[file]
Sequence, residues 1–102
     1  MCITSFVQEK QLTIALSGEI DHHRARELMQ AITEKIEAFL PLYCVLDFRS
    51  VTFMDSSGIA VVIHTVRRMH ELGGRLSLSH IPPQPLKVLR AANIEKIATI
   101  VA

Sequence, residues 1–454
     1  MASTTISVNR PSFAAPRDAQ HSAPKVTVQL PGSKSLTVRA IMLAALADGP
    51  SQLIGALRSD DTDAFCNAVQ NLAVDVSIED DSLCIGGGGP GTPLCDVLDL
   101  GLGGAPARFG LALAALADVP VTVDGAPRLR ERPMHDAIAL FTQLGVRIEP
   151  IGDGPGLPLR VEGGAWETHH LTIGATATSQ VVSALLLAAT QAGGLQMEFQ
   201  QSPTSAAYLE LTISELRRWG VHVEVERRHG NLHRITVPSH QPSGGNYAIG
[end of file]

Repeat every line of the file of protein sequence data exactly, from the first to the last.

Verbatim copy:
Sequence, residues 1–102
     1  MCITSFVQEK QLTIALSGEI DHHRARELMQ AITEKIEAFL PLYCVLDFRS
    51  VTFMDSSGIA VVIHTVRRMH ELGGRLSLSH IPPQPLKVLR AANIEKIATI
   101  VA

Sequence, residues 1–454
     1  MASTTISVNR PSFAAPRDAQ HSAPKVTVQL PGSKSLTVRA IMLAALADGP
    51  SQLIGALRSD DTDAFCNAVQ NLAVDVSIED DSLCIGGGGP GTPLCDVLDL
   101  GLGGAPARFG LALAALADVP VTVDGAPRLR ERPMHDAIAL FTQLGVRIEP
   151  IGDGPGLPLR VEGGAWETHH LTIGATATSQ VVSALLLAAT QAGGLQMEFQ
   201  QSPTSAAYLE LTISELRRWG VHVEVERRHG NLHRITVPSH QPSGGNYAIG